It was a dream team, a panel of real experts discussing the rapidly escalating threat of cybercrime. Imagine Microsoft‘s chief research officer, Craig Mundie, along with Mozilla chairwoman Mitchell Baker, McAfee chief executive Dave Dewalt, Harvard law professor and Internet expert Jonathan Zittrain, as well Andre Kudelski of the digital security Kudelski group, and Tom Ilube, head of web protection company Garlik. These are people who know their business.
Davos rules prohibit attribution of comments, but according to the BBC, they discussed cybercrime, the system, cyber warfare, and possible solutions.
The majority of cybercrime comes from organized criminal gangs, rather than individuals. As one panelist commented:
"This is not vandalism anymore, but organized criminality," while another added that "this is it is not about technology, but our economy."
The panel seemed to agree that there are flaws in the set-up of the Web, with no particular group responsible for fixing problems, instead relying on volunteers.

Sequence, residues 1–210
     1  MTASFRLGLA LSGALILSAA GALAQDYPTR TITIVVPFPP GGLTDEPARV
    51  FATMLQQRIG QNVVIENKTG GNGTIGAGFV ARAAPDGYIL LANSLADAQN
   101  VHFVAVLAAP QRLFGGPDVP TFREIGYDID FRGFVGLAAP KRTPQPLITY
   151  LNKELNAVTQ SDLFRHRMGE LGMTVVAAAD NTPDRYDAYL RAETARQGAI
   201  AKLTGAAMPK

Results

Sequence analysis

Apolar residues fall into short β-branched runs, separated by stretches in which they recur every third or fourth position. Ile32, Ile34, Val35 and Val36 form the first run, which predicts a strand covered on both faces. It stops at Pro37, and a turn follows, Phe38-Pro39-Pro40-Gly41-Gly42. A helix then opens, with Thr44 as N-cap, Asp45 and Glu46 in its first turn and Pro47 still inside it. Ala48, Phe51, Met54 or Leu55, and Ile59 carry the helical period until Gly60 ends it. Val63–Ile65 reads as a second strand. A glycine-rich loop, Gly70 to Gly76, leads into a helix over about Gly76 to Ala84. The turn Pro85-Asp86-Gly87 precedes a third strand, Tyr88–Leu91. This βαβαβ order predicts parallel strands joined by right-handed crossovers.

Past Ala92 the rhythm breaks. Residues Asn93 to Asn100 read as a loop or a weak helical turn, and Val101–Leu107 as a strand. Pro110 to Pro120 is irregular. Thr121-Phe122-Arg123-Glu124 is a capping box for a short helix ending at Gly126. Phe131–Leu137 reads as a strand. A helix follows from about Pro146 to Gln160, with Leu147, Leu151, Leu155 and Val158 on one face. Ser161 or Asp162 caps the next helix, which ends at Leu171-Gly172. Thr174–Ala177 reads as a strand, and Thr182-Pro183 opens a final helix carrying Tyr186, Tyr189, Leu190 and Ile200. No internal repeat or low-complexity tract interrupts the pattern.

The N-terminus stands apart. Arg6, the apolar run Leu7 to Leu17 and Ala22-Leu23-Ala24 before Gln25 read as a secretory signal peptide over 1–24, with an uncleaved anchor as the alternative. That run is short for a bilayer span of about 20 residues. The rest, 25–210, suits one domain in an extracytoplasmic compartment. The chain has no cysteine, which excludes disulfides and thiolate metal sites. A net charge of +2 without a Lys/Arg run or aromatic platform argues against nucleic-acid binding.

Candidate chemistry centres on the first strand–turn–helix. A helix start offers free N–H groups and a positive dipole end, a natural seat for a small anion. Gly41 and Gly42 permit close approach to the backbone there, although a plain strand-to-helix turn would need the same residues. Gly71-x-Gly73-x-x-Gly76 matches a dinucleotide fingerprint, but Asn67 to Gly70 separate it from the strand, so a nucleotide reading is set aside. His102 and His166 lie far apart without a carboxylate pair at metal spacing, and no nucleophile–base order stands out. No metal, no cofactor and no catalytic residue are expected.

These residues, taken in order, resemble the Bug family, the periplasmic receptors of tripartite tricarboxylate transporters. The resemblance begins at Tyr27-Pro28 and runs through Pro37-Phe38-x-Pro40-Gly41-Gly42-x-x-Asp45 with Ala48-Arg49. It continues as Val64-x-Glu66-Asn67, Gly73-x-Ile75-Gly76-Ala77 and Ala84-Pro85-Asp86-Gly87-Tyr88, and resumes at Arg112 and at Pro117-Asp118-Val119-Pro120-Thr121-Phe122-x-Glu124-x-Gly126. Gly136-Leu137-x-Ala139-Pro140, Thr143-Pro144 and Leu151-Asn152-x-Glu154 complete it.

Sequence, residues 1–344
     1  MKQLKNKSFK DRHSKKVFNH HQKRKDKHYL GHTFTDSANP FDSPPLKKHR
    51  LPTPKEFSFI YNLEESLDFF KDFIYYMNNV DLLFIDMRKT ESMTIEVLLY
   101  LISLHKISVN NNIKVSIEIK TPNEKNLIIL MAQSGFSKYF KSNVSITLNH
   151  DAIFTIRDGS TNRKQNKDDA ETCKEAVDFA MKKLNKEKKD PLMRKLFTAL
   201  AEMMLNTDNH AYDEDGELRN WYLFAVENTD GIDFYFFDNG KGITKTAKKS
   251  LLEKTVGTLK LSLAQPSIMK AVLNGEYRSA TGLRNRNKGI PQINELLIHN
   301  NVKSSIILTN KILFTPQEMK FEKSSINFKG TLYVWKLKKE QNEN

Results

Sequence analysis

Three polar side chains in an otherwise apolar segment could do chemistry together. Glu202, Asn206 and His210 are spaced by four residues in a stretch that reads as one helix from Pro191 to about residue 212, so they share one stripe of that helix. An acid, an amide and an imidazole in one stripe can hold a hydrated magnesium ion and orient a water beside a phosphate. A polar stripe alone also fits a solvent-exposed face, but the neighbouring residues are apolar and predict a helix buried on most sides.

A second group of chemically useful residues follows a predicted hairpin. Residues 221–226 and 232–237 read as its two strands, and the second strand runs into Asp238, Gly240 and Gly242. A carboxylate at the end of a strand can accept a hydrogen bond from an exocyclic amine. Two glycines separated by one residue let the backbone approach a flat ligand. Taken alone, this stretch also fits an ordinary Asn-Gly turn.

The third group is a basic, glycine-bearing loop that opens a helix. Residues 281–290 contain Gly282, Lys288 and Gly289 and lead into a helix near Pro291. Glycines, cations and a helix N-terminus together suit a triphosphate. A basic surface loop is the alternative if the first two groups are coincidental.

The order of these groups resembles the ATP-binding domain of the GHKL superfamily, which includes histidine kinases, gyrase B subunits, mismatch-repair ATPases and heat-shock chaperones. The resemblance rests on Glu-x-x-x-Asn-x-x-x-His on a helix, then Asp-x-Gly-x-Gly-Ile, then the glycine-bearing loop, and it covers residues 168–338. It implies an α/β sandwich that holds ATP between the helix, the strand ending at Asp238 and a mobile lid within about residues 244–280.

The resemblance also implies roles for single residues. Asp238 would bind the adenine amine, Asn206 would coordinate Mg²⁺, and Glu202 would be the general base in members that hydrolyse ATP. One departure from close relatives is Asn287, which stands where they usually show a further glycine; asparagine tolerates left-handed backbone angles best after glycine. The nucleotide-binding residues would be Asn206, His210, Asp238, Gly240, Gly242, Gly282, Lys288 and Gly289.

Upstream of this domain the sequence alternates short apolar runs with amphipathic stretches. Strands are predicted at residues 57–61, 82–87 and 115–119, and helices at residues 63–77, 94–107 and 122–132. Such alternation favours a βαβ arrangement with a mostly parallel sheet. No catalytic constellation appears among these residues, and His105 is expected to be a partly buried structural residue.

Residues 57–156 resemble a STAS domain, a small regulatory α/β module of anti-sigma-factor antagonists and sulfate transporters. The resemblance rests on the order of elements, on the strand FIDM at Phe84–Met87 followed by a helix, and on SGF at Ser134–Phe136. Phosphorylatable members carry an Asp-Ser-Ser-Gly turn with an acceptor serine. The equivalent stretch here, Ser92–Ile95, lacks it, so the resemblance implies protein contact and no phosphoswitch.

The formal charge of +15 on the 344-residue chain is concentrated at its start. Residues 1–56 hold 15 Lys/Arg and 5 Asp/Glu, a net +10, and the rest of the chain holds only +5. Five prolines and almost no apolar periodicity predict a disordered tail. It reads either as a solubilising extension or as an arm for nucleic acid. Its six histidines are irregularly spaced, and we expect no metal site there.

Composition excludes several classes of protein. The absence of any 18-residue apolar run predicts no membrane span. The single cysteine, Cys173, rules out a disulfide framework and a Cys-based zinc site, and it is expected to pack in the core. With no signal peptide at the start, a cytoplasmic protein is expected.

As more devices become Web-enabled, the threat of cyber warfare takes on greater importance, and whether it could actually take down the Net.
"The problems are daunting, and it’s getting worse," one panelist said, while another wondered, "Do we need a true disaster to bring people together?" asked another.
One panelist proposed the equivalent of a World Health Organization for the Net.
"If you have a highly communicable disease, you don’t have any civil liberties at that point. We quarantine people."
"We can identify the machines that have been co-opted, that provide the energy to botnets, but right now we have no way to sequester them."
That said, others pointed out that the openness of the Net was its greatest strength, and that centralization and government intervention could offer different threats.
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